One overall conclusion that I have arrived at is that Matariki cannot be oversimplified. It was celebrated and marked by a pre-European society that lived much more in tune with the passing of the seasons, and that -- without the trappings of modern electric lighting -- lived each day with a much greater spiritual sense of dark and light. The emerging stars, the rise and fall of the moon, the rise and setting of the sun. Different iwi (tribes) marked Matariki in different ways. Matariki must be learned about and explored, and, indeed, its evolution in the future will be affected by how this pattern of knowledge expands.
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Tirohia atu nei, ka whetuarangitia Matariki Te whitu o te tau e whakamoe mai ra. He homai anu rongo kia komai atu au -- Ka mate nei au i te matapouri, i te mataporehu o roto i a au!
See where Matariki are risen over the horizon, The seven of the year winking up there. They come with their message so I can rejoice. Here I am full of sorrow, full of sadness within! (3)
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Why is Matariki reemerging as an event in Aotearoa NZ?
Despite cultural colonisation, Matariki continued as a tradition among Maori communities well into the late 1800s. It has been recorded that one old lady carried on the Taranaki tradition of Matariki hangi until her death in about 1940. But it has only been over the past four or five years that Matariki has reemerged as a community event and celebration.
Te Taura Whiri i Te Reo Maori (the Maori Language Commission) and Te Papa (the NZ National Museum) can take a lot of the credit for the rebirth of Matariki. The Commission has provided information on Matariki to Maori communities through kohanga reo (Maori language nests) and kura kaupapa (total immersion Maori schools). Te Papa is expanding Matariki to a wider audience, such as through a gorgeous calendar published annually (the months run June to June, not January to December) and a range of events in Wellington. Celebrations are spreading, and this year have included significant gatherings in Auckland, Taumarunui, Hastings, and Wairoa.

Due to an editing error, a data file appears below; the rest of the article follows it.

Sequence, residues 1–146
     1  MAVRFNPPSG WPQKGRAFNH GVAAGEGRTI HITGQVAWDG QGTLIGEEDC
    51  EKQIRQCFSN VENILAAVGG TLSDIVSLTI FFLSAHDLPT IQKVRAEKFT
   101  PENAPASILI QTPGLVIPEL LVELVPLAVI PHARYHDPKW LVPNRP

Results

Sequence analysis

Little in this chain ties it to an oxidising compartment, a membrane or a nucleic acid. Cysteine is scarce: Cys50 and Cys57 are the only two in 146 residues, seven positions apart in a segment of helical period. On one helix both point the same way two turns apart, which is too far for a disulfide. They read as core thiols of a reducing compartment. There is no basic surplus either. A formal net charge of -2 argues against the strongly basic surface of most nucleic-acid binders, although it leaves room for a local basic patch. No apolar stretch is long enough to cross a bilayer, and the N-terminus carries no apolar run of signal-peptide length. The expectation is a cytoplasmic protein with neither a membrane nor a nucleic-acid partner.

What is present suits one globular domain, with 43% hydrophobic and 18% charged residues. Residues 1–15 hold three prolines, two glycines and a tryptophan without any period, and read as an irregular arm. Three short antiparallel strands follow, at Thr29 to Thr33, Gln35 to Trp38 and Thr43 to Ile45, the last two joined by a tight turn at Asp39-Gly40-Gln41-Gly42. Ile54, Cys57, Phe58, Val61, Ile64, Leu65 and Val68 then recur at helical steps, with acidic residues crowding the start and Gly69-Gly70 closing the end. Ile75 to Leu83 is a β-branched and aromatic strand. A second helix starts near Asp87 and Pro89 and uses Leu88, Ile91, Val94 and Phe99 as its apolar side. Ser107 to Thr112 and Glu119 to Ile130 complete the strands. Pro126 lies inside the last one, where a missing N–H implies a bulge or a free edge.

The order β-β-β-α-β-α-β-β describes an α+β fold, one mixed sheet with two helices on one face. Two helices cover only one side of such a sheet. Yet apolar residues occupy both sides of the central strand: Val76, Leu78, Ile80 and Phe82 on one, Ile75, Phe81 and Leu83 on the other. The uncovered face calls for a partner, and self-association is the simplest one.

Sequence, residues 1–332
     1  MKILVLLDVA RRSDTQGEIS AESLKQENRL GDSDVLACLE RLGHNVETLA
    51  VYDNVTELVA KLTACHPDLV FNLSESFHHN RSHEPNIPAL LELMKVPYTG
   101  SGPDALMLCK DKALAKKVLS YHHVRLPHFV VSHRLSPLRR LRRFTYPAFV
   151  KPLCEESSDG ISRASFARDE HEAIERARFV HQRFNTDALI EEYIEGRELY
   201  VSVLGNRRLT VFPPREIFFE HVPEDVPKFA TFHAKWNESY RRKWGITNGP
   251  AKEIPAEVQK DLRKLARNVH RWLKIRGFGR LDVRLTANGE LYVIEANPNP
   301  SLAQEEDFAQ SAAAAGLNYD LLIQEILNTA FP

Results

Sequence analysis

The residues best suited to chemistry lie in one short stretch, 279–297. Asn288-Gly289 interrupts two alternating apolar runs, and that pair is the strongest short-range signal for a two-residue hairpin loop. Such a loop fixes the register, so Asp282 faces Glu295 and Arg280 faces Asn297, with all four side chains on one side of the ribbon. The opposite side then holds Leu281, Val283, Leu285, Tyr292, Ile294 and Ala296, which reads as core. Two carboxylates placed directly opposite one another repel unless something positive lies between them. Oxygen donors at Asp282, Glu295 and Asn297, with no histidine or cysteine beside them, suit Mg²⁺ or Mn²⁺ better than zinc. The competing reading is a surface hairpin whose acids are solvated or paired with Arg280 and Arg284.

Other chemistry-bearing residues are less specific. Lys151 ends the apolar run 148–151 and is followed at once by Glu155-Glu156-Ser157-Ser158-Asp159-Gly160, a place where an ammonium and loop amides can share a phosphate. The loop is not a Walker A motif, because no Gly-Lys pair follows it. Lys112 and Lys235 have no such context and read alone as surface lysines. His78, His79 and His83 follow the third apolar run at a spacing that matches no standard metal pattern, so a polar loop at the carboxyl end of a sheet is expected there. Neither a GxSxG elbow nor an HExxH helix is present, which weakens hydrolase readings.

Hastings iwi have achieved astounding commercial success with Matariki. They held a "Mahinarangi Moonbeams" outdoor celebration, with fireworks and entertainment including lit-up balloons; a street party; a Kahungunu Winter Ball; and food and art workshops. There is a proposal to light up Te Mata Peak (above Hastings) as a part of future celebrations.
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It seems that Matariki can only go from strength to strength in future. Whether it evolves into a form of permanent “Maori New Year” or “Aotearoa Thanksgiving” celebration remains to be seen.
Te Rangi Huata, Matariki entrepreneur in Hastings, has lots of ideas for it, including a "Maori Halloween" and the idea of making it a national holiday. I strongly support the idea of making it a national holiday. There is a huge potential for Matariki to change our national culture and provide a positive Maori celebration that shifts us away from the negativity, conflict and dwelling upon past wrongs that happens each year with Waitangi Day (4).
Aotearoa NZ today is stuck with the trappings of European northern hemisphere culture in a place down under and back-to-front. Our holidays all celebrate the wrong things at the wrong time. Christmas in the sand (not snow), New Year's at the peak of summer (not winter), Easter as the leaves start to turn (and the bunnies start comtemplating hibernation) and Halloween with daffodils.
We light up our houses with christmas lights in December, but have to wait until 10 p.m. at night to go out and see them. Try lighting up a tree outside (as I did last Xmas) and the brightness is dimmed by thick summer foliage. Light them up now -- as I've done, as I've been much too lazy to remove them -- and they're magically transformed into lit twigs of Matariki light (hopefully, I'll start a trend). And the luminous magic starts at 5.00 p.m. (5)
We don’t have any kind of Thanksgiving celebration, as the US and Canada do. I lived in the States for five years, and remember Thanksgiving most fondly of all the northern hemisphere celebrations. Free from the commercial trappings of Christmas, free from religious elements which might cause conflict in a nation of peoples with so many different beliefs, Thanksgiving was simply a time of the year to gather with friends and families and celebrate and look back on the year gone by. Both the times of happiness, as well as the times of sadness and tragedy.